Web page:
various properties of those functions, including their symmetry and inverses. The course also includes a deeper
study of quadratic functions, radicals, and systems of linear equations. Real-world applications and technology
should be used to promote a better understanding of the topics.
Fourth Year Course
Fourth Year Course Rationale
With the advent of the new core requirements for Ohio, all students must take mathematics in their senior year. Two options are offered as possible courses
following the three-year sequence above: Pre-Calculus or the Modeling and Quantitative
Fourth Year Course, Option 1
Fourth Year, Option 1, Course Rationale
Topics covered in a fourth year course can have many applications to a variety of post-high school pathways.
In order to enable all students to be successful in such topics, a variety of teaching styles is encouraged,
with the depth of theory and application fitted to student needs.
Fourth Year, Option 1, Course Description
As presented here, the fourth course is primarily a course in trigonometry and its geometric applications,
together with discussion of series and applications to finance. The analysis of periodic data in 4.2 can be
expanded if more applications are desired.
|Pre-Calculus Chapter List for Model A||Instructional Days
|4.1 Trigonometry ||26 - 33
|4.2 Analysis of Periodic Data||13 - 19
|4.3 Polar Coordinates||18 - 23
|4.4 Conic Sections||20 - 25
|4.5 Vectors||23 - 28
|4.6 Sequences, Series, and Mathematical Induction||21 - 28
|4.7 Personal Finance ||16 - 21
Fourth Year Course, Option 2
Modeling and Quantitative Reasoning
Fourth Year, Option 2, Course Rationale
One purpose of secondary education in the United States has always been preparing students for their roles
as citizens, as well as preparing them for future study and the workplace. Today numbers and data are
critical parts of public and private decision making. Decisions about health care, finances, science policy,
and the environment are decisions that require citizens to understand information presented in numerical form,
in tables, diagrams, and graphs. Students must develop skills to analyze complex issues using quantitative tools.
In addition to a textbook, teachers will want to use on-line resources, newspapers, and magazines to identify
problems that are appropriate for the course. Students should be encouraged to find issues that can be
represented in a quantitative way and shape them for investigation. Appropriate use of available technology is
essential as students explore quantitative ways of representing and presenting the results of their investigations.
Fourth Year, Option 2, Course Description
This course prepares students to investigate contemporary issues mathematically and to apply the mathematics
learned in earlier courses to answer questions that are relevant to their civic and personal lives. The course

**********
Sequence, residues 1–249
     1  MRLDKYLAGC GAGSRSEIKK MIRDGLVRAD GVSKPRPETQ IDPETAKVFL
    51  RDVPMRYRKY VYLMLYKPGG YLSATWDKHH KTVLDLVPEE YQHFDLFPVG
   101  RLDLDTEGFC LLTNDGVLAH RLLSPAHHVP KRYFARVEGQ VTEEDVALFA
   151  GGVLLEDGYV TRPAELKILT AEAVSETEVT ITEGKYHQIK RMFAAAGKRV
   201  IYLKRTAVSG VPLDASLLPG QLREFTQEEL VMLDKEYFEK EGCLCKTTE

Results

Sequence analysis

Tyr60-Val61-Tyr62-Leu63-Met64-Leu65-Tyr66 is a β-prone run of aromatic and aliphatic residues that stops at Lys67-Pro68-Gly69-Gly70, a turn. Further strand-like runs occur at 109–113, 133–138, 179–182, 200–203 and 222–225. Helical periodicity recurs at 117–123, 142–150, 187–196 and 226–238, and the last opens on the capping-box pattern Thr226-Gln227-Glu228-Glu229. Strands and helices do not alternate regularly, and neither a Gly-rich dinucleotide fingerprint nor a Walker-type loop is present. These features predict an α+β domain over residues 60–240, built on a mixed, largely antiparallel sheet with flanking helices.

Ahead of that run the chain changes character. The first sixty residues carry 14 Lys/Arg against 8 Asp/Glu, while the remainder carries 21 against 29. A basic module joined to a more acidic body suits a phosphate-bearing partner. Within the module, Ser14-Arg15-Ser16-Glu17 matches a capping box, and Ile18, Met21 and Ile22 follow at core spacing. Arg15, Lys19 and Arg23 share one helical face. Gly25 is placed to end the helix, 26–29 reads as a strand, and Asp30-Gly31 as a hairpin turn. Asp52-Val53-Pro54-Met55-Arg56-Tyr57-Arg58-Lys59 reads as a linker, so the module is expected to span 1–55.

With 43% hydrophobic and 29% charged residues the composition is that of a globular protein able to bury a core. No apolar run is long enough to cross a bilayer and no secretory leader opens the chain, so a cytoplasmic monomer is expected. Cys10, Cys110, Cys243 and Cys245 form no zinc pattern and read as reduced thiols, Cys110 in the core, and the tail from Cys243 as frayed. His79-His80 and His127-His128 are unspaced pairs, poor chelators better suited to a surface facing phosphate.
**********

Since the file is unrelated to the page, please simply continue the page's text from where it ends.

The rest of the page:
reinforces student understanding of
- functions and their graphs
- probability and statistics
- multiple representations of data and data analysis
This course also introduces functions of two variables and graphs in three dimensions. The applications in all
sections should provide an opportunity for deeper understanding and extension of the material from earlier courses.
This course should also show the connections between different mathematics topics and between the mathematics and
the areas in which applied.
|Modeling and Quantitative Reasoning Chapter List for Model A||Instructional Days
|4M.1 Use of Percent ||15 - 18
|4M.2 Statistics and Probability||29 - 32
|4M.3 Functions and Their Graphs||54 - 65
|4M.4 Functions of More Than One Variable||10 - 15
|4M.5 Geometry ||40 - 48
|4M.6 Exploration of Data (integrated throughout the course)||
Fifth Year Course
Fifth Year Course Rationale
Students in a fifth year high school mathematics course have been accelerated at some point in their study.
This might involve starting with the first year high school course in eighth grade, doubling up on courses at
some point, or another form of acceleration. Any student who has been successful in the pre-calculus course
is prepared for college-level calculus or statistics courses, and students who have been successful in either
of the other year 4 courses will be prepared for college-level statistics.
Fifth Year Course Description
The fifth year of high school mathematics will be a calculus course for most accelerated students. When a
calculus course is offered in the high school curriculum, the course should be taught at the college level and
students should expect it to replace a first year calculus course in college. This can be assured by using one
of the College Board’s Advanced Placement calculus courses and requiring students to take the AP exam at the end
of the course. In some locations, accelerated students are able to enroll in a mathematics course at an area
college or to take a college level course through distance education, concurrent with their high school studies.
The Program Models also prepare accelerated students to take the College Board’s Advanced Placement statistics
course. For many accelerated students, AP Statistics can be an exciting and appropriate option.
Syllabi for AP Calculus and AP Statistics are provided by the College Board.